As a debut release, this is very striking, especially considering Lionel has only been playing the guitar for 7 years. It has some rough edges, but I think had these been smoothed out, this would be a very sterile sounding album. This is certainly one artists I’m very excited about and look forward to seeing how he follows up this release.

Conclusion : A great find and an artist that deserves some major recognition. It’s only early days in his recording career and also in his playing career, but I can well see exciting things ahead.

Posted in Acoustic, Soul | No Comments »

EP – Oh My! – The Good Lovelies

Posted by admin on 23rd January 2008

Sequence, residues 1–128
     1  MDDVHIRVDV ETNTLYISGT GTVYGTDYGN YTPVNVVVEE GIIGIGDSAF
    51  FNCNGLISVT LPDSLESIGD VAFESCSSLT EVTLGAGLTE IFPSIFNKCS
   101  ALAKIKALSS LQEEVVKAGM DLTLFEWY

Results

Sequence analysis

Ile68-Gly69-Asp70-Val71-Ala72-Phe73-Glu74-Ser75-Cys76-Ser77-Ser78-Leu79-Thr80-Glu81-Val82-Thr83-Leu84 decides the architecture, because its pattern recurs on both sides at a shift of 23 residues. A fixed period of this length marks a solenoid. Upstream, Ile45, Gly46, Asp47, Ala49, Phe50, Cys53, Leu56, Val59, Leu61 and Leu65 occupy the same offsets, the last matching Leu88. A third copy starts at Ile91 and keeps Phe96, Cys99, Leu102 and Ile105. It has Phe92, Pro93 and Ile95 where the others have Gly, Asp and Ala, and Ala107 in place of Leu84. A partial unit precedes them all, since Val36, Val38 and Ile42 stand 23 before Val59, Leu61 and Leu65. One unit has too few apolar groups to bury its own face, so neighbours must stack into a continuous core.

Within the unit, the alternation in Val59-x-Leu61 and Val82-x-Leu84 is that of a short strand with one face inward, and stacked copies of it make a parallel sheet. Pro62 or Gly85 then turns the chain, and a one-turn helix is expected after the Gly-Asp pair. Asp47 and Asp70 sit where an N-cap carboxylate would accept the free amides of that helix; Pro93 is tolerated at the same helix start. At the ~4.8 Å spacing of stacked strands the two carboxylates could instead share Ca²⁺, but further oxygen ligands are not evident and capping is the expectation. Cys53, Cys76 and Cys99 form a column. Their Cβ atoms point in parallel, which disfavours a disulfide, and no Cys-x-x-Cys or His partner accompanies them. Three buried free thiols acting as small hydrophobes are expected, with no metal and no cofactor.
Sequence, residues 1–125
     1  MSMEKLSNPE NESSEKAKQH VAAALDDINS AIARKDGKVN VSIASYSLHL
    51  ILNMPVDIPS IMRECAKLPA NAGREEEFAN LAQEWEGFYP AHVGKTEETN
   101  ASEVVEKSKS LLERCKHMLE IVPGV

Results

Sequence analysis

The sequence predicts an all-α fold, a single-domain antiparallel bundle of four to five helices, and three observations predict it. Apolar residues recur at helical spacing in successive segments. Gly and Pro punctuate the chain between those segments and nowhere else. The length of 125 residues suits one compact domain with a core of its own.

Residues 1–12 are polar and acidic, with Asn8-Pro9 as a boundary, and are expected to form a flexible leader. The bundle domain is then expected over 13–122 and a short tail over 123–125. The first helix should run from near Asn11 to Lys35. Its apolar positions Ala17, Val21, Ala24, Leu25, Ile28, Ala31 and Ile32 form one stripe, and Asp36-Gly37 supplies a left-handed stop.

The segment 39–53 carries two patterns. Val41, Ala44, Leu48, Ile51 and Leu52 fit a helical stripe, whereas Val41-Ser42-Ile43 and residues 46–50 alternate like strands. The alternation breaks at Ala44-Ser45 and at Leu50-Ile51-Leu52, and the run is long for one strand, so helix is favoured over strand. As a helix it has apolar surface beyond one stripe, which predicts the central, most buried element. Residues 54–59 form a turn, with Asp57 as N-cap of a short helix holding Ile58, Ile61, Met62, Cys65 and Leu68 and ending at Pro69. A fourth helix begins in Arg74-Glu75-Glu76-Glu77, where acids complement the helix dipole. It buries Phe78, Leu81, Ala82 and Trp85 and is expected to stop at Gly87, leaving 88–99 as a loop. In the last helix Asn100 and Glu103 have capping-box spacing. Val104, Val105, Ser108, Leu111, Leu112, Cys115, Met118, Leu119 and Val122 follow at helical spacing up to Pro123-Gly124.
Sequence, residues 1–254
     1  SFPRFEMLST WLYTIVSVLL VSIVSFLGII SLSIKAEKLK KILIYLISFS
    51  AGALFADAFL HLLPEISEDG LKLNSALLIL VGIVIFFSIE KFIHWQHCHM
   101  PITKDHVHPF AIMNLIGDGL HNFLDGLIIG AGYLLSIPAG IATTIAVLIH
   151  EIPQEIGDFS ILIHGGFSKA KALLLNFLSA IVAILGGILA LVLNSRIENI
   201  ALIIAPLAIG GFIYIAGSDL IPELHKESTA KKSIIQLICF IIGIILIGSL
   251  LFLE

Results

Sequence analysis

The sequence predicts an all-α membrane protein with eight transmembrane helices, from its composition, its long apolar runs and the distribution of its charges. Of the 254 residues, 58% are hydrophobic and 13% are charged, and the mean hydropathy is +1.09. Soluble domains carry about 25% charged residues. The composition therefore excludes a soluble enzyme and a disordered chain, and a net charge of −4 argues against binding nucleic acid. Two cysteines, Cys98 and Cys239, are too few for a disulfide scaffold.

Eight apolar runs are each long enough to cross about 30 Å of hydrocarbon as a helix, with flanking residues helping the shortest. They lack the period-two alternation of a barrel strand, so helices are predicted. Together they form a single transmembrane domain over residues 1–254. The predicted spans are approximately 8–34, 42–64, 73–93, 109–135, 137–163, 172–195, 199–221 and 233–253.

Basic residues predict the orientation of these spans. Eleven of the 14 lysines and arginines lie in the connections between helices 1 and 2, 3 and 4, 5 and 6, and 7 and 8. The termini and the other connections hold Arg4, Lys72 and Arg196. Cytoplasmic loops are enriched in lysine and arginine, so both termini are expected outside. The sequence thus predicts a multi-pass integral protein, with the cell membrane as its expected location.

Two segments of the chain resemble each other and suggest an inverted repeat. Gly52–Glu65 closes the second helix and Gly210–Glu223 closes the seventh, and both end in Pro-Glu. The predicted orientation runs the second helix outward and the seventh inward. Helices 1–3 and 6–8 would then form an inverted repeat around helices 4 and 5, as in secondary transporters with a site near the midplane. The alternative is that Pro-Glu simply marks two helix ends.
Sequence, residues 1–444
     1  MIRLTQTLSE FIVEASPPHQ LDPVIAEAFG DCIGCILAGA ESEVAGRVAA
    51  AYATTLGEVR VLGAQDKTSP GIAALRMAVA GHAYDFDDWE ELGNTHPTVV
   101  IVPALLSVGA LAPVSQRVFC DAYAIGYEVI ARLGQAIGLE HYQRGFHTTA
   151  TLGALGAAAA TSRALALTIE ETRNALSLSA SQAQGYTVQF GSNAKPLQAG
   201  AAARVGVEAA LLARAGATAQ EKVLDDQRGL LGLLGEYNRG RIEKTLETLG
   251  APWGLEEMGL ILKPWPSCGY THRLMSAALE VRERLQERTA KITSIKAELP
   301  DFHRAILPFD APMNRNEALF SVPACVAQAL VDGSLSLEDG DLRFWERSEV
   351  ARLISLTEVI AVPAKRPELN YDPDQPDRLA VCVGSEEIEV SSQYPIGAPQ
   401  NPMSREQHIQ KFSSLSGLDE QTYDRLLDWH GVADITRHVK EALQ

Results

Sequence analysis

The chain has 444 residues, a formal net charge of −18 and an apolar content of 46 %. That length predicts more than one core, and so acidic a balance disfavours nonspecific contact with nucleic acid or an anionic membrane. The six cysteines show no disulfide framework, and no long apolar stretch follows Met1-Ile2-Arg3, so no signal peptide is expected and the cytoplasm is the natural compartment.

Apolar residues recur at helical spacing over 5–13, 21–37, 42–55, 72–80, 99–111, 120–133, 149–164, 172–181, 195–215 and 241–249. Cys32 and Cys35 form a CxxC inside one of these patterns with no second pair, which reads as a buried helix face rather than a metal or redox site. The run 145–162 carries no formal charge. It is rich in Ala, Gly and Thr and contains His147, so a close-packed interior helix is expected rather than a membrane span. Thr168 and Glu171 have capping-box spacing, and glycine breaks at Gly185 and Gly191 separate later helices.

There’s a dearth of good Canadian artists, but it never ceases to amaze me how there’s often a real interconnectivity between some of them. The Good Lovelies are the third in a chain of excellent Canadian artists I’ve discovered. Top of this chain was Rob Szabo, which lead to Scott Cooper and he lead to the Good Lovelies, who I saw at a recent gig, where Scott Cooper was appearing as their guest. I’d actually listened to a few of their tracks on MySpace, before the concert, but this did not prepare me for the awesome evening of entertainment. I don’t want this to turn into a gig review, but just want give to touch on the fact that as a band, they exude personality. Admittedly the gig was at a fairly small venue, at most there must have been 50-60 people, but this just made the evening all the more enjoyable. I have a slight confession too, while Scott Copper was performing his “Insomnia Song”, I was in heaven, because as well as Scott singing, I had the Good Lovelies standing next to me, singing somewhat subdued harmonies, I thought I’d died and gone to heaven.